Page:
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Woman pictured in Te'o hoax talks about perpetrator

Two of the people linked to an expansive hoax involving Notre Dame linebacker Manti Te'o attended the same Antelope Valley high school, according to the Southern California woman whose photos were used in the ruse.

Diane O'Meara, who now works in marketing at STN Media Group in Torrance, spoke to NBC's "Today"  about the incident in a segment that aired Tuesday. In the segment, she said she met the supposed hoaxer, Ronaiah Tuiasosopo, in high school but added that the two were not friends.

Paraclete High football coach Norm Dahlia confirmed to The Times that Tuiasosopo played quarterback for the Lancaster school in 2007.

A Deadspin.com report published last week first revealed the hoax but did not name O'Meara. The report claims that Tuiasosopo used photos of a girl he met at Paraclete High School in Lancaster as part of a Twitter account for a "Lennay Kekua," a fake woman whom he connected with Te'o.

"My name is not Lennay Kekua," O'Meara told "Today." “My name's Diane."

Online athletic records and a story published in the Los Angeles Daily News indicate that a "Diane O'Meara" participated in track and field for Paraclete High around the same time Tuiasosopo played football. It was unclear when and how O'Meara and Tuiasosopo’s paths crossed.  

Titus Tuiasosopo, the father of Ronaiah, works as a health and physical education teacher at Paraclete, according to the school's website. A Times reporter was denied entry into the private high school last week.

Te’o, a Heisman Trophy runner-up, spoke to the media repeatedly about his girlfriend and her supposed battle with cancer, a story that captivated football fans.

After more than a year of corresponding on social media and by telephone with someone he thought was Kekua, Te'o said he was told in September that the woman had died of leukemia. Three months later, the player got a call from a phone number he recognized as Kekua's, with the voice on the other end telling him Kekua wasn't dead.

On Dec. 26, Te'o told Notre Dame officials that he had learned his girlfriend did not exist, the university said. In an interview with ESPN, Te'o denied a role in the ruse.

"I wasn't faking it," he said. "I wasn't part of this."

O'Meara told "Today" she had never heard of Te'o until news of the scandal broke.

"I've never met Manti Te'o in my entire life," she said. "I've never spoken with him, I've never exchanged words, tweets [with him]."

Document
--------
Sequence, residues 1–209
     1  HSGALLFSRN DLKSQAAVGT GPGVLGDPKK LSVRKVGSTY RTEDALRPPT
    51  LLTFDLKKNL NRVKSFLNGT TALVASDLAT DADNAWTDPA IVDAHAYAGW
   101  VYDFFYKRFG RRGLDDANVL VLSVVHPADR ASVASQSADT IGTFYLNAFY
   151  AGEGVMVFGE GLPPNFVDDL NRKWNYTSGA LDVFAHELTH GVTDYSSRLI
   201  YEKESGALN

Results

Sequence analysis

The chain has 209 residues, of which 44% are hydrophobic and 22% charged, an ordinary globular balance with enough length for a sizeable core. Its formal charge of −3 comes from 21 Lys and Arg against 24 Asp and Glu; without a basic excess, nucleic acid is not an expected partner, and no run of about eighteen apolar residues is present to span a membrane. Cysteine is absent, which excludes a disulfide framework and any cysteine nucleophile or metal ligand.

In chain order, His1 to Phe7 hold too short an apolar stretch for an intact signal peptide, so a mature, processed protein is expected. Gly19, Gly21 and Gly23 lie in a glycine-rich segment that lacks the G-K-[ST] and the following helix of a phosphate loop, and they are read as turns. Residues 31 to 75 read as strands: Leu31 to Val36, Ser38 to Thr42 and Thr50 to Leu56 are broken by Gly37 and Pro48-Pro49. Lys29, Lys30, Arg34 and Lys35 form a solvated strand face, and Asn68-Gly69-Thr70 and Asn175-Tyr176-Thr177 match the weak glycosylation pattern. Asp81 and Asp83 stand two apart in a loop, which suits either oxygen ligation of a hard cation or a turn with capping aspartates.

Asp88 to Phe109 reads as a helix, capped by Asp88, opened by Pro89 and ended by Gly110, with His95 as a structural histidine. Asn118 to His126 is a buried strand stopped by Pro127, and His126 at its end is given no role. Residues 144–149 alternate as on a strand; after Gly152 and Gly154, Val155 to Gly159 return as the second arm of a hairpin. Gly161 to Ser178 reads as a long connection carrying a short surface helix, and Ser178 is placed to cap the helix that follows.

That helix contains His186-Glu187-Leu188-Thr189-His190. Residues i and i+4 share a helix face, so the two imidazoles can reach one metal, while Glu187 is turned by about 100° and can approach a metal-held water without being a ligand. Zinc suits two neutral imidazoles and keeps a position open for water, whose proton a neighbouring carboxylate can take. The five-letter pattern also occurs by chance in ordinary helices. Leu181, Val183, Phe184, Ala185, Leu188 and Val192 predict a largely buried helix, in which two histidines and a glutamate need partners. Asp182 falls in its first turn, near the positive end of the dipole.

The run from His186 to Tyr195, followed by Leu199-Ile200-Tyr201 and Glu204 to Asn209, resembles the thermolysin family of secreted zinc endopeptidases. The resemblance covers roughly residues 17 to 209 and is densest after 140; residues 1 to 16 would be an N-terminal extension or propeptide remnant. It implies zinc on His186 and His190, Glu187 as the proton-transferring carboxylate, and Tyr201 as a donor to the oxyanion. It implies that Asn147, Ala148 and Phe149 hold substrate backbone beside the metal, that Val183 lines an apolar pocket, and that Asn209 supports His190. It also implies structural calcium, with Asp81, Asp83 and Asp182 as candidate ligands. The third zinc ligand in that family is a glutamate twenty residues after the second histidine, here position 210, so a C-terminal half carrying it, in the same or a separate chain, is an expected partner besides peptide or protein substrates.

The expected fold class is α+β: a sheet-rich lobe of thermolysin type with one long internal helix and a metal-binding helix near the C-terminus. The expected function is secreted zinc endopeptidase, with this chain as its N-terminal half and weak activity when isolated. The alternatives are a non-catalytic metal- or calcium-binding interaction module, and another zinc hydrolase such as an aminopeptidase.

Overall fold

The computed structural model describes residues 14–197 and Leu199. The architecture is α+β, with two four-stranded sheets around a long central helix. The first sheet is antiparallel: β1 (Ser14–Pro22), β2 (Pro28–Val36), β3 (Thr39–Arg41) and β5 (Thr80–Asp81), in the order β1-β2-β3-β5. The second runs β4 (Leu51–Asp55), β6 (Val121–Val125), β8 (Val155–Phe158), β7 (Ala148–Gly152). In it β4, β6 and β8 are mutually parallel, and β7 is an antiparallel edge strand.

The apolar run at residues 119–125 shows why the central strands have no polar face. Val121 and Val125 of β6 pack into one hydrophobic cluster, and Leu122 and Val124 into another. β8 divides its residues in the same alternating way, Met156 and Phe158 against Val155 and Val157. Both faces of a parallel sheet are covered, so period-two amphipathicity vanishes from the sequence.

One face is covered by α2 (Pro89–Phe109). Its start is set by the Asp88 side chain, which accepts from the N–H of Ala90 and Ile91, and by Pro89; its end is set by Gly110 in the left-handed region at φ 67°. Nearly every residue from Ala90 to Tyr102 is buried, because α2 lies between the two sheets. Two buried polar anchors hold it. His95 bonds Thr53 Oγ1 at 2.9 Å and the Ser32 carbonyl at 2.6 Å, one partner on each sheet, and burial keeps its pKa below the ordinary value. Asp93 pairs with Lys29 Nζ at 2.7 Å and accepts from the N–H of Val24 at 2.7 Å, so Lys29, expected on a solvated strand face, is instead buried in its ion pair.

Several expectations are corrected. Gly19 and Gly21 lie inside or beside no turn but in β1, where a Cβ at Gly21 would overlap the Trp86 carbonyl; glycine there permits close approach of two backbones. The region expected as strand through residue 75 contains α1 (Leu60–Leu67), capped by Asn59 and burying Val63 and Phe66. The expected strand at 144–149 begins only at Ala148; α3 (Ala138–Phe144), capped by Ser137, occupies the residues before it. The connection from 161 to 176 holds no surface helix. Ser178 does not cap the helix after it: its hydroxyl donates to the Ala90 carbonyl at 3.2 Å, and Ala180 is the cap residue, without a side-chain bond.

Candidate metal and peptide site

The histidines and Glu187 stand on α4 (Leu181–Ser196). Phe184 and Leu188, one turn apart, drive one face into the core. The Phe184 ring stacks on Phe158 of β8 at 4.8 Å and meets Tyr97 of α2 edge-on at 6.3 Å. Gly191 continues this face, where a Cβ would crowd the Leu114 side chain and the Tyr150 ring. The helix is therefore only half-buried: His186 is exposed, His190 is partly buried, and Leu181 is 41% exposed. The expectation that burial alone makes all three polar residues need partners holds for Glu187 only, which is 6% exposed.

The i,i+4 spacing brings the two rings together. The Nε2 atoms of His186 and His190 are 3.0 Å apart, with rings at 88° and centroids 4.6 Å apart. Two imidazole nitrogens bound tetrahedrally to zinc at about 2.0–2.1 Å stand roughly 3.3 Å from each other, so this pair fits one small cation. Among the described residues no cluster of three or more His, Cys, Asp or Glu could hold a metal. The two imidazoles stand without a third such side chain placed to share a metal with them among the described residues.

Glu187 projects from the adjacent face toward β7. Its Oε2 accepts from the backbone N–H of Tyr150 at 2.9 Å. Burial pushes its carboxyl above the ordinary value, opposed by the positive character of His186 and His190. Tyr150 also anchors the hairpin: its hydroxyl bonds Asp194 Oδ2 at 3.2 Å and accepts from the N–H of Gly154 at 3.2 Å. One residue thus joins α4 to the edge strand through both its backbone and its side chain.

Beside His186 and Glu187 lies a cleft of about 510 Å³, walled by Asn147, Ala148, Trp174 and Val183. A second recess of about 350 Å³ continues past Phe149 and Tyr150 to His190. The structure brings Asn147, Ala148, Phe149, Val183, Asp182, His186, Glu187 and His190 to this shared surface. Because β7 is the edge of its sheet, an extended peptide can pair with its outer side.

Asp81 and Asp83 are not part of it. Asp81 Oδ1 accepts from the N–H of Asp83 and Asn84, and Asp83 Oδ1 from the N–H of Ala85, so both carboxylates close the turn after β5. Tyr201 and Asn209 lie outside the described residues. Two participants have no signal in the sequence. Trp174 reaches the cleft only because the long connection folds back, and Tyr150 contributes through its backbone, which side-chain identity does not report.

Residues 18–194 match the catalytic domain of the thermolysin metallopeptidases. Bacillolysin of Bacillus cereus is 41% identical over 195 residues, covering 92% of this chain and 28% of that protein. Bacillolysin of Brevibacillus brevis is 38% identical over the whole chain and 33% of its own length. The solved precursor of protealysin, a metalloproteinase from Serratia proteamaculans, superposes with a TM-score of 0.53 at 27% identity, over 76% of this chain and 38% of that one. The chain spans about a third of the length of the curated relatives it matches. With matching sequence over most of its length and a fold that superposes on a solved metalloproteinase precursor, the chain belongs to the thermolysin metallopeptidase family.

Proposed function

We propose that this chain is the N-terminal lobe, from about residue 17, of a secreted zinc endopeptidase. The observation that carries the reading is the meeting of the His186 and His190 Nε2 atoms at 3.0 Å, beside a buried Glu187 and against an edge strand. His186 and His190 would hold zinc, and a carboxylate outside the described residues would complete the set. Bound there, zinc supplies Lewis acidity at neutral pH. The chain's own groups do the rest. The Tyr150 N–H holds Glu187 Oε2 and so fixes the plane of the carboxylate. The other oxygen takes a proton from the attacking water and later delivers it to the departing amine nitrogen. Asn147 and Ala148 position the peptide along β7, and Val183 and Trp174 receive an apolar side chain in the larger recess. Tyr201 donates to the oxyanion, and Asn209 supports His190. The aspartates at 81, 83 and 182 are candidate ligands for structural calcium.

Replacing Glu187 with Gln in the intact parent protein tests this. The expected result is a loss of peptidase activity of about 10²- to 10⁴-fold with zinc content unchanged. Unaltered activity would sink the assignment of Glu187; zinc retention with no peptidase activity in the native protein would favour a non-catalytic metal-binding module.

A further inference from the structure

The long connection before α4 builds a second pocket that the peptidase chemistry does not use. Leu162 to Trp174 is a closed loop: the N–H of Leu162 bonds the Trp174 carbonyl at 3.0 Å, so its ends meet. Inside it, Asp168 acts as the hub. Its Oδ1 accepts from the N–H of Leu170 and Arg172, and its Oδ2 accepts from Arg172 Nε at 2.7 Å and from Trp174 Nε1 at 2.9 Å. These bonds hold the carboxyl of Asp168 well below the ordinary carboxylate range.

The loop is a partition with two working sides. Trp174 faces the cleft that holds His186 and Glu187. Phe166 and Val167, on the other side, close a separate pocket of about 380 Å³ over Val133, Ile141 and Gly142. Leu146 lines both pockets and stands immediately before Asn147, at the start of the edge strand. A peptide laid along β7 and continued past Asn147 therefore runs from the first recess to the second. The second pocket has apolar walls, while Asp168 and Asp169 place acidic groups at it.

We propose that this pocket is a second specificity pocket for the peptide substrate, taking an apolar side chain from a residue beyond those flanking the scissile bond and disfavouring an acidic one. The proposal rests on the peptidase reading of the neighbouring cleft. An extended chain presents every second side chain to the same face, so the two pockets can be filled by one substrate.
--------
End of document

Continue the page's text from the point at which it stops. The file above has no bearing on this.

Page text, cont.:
O'Meara also told "Today" that Tuiasosopo sent her a Facebook message in December, saying he had a cousin who was involved in a car accident who had seen her Facebook photos and thought she was pretty.

Tuiasosopo asked O'Meara if she would take a picture for the cousin, she said, and that photo was used in the hoax. O'Meara said other photos were taken from her Facebook account.

"The past five years, he's literally been stalking my Facebook and stealing my photos," she said of Tuiasosopo.

Tuiasosopo has not commented publicly about the allegations, but O'Meara said the two had spoken.

"Ronny has called and not only confessed, but he has also apologized," she said. "But I don't think there's anything he could say to me that would fix this."

Dahlia, the high school football coach, said he hasn’t spoken to Tuiasosopo in years, but praised his former player.

"When Ronaiah was with me, and to this day, he treats me with respect and love. I am totally in love with him and his family.”

Meanwhile, O'Meara's former boss, Diane Merrick, told The Times O'Meara reached out to her by email last week and asked if she knew of an attorney who could help. Someone had stolen her identity, she said, but Merrick couldn’t help.

Merrick, who owns a clothing store on Beverly Boulevard, vehemently defended the employee who she said worked for her for about two years until early 2012, calling O'Meara an "incredible person."

“I would get on a stack of bibles and vouch for her,” she said.

A full interview with O'Meara will air live Wednesday, "Today" producers said.

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-- Matt Stevens, Kate Mather and Kevin Baxter 

 
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L.A. Now is the Los Angeles Times’ breaking news section for Southern California. It is produced by more than 80 reporters and editors in The Times’ Metro section, reporting from the paper’s downtown Los Angeles headquarters as well as bureaus in Costa Mesa, Long Beach, San Diego, San Francisco, Sacramento, Riverside, Ventura and West Los Angeles.
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